My test car was fitted with Opel’s new 1.0 three cylinder turbocharged petrol engine and it’s a little gem. It pumps out 115PS and there’s lots of low end torque so it pulls really hard from low revs. It feels really fast, though petrolheads will probably think I’m crazy as 0-100kmh in 9.9 seconds is hardly blistering by today’s standards but somehow it feels potent in a small car like this.
Refinement is also very good for this three cylinder engine. You can barely hear the engine ticking over when the car is idling; you only really hear it when you put your foot down hard on the accelerator, which you will be doing because you’re having so much fun – and then it’s a nice noise! There is also a 1.4 litre petrol engine with 100PS available, but if your budget can stretch at all, I would highly recommend the turbo unit.
The official economy for Opel Adam Rocks with the 1.0 litre Turbo engine is just over 55mpg. I managed 47mpg over about 500kms of driving on a mixture of roads. Road tax for this model is €200 per year.
In addition to the visual and mechanical updates outlined above, Adam Rocks comes with 17” alloys, air conditioning, leather covered steering wheel, CD player with USB and Aux-in connection, Bluetooth, digital radio, and LED daytime running lights and tail lights.
Opel’s Intellilink infotainment system can be added as an option and adds a touchscreen in the centre of the dash.
The Opel Adam Rocks is competing in a segment where style and image are more important than space and practicality. For a trendy car like the Adam Rocks – the chunky good looks, polished interior, funky colour options and canvas roof – you do pay a price premium. But is it worth it?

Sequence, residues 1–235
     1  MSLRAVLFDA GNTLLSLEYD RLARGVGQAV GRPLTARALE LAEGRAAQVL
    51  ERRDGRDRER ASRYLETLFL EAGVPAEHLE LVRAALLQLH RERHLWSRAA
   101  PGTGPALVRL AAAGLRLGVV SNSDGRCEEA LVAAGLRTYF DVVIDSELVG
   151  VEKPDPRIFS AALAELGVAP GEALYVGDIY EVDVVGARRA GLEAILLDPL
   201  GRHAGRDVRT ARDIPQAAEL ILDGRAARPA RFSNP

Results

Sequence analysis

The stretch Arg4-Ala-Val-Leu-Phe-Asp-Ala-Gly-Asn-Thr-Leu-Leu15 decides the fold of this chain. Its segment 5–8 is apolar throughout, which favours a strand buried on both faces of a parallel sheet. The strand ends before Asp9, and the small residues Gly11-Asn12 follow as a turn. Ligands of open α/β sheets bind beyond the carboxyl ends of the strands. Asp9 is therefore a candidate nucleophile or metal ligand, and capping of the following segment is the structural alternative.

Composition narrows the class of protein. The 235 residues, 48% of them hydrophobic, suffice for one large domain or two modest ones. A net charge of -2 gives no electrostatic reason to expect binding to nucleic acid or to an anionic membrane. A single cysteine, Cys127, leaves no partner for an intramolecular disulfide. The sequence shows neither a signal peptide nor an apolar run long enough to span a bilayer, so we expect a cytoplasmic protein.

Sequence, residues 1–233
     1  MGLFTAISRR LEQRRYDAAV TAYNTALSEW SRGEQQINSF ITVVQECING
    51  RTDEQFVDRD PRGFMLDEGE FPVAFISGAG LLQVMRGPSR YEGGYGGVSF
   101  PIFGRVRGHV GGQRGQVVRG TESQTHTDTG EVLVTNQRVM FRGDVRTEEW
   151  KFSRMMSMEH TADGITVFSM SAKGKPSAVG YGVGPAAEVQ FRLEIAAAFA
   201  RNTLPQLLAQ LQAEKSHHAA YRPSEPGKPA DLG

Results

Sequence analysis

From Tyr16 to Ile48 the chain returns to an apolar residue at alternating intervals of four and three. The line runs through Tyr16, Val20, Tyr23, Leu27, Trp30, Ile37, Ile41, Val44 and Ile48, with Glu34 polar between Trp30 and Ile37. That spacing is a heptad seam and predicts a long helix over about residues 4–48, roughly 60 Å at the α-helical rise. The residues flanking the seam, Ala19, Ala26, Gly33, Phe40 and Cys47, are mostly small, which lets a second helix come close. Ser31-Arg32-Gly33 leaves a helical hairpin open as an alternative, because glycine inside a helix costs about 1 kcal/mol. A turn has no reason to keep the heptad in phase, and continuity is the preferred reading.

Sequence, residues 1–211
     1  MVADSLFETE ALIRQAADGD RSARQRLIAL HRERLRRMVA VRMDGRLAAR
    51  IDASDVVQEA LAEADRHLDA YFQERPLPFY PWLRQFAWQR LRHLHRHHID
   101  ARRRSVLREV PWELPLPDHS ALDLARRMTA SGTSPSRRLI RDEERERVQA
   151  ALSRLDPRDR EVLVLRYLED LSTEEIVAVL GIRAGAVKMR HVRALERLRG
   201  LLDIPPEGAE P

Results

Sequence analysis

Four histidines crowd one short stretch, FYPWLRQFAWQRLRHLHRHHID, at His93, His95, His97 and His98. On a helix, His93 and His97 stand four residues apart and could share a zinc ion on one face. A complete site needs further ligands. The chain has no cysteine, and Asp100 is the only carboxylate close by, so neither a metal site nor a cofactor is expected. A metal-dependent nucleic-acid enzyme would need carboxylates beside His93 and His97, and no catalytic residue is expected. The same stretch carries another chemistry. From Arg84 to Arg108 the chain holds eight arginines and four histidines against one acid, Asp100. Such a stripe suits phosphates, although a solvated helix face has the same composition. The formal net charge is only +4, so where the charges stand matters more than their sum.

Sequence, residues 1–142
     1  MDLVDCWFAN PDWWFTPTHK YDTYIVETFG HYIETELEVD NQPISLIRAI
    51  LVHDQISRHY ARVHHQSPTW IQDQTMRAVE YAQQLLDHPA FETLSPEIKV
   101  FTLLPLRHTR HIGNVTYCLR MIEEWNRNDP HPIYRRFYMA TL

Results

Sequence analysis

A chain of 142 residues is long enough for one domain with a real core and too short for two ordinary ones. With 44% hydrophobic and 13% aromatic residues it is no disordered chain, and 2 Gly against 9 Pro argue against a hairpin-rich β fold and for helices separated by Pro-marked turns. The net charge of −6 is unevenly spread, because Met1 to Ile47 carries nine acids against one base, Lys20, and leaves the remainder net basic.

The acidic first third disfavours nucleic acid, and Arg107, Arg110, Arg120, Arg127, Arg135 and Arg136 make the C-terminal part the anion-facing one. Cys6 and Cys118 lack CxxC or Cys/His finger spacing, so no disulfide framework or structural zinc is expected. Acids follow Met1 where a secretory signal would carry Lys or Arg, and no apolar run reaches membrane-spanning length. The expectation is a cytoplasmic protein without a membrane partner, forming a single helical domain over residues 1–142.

Well, yes, because when you take away all the cosmetic stuff, the Adam Rocks is still a great car to drive, up there in terms of driver enjoyment with the DS 3 and MINI Hatch. It’s got that sporty edge to it – the zippiness and taut handling – but the engineering is sophisticated enough under the skin to make the car feel solid and dependable for the long haul. In terms of space, the Adam Rocks is more comparative to a Fiat 500, but it is a far more mature and cultivated drive than the tiny Fiat.
The extra few thousand euro you pay over a standard Adam for the Adam Rocks is well-rewarded in terms of the image upgrade and a better driving car with superior ride and handling. Engine choice does play a factor however, and the new 1.0L Turbo is an ideal mate for Adam Rocks, with more life in it than the old 1.4 litre petrol can muster.
Opel is onto a winner with this car. As far as I can see the only challenge for Opel is to get the target market out of their MINIs and into this!
Model Tested: Opel Adam Rocks 1.0 litre Turbo
Engine: 1.0 litre three cylinder turbocharged petrol
Power: 115PS (113bhp)
0-100km/h: 9.9 seconds
Economy: 55.4mpg (5.1l/100km)
CO2 Emissions: 119g/km
Motor Tax: €200 per year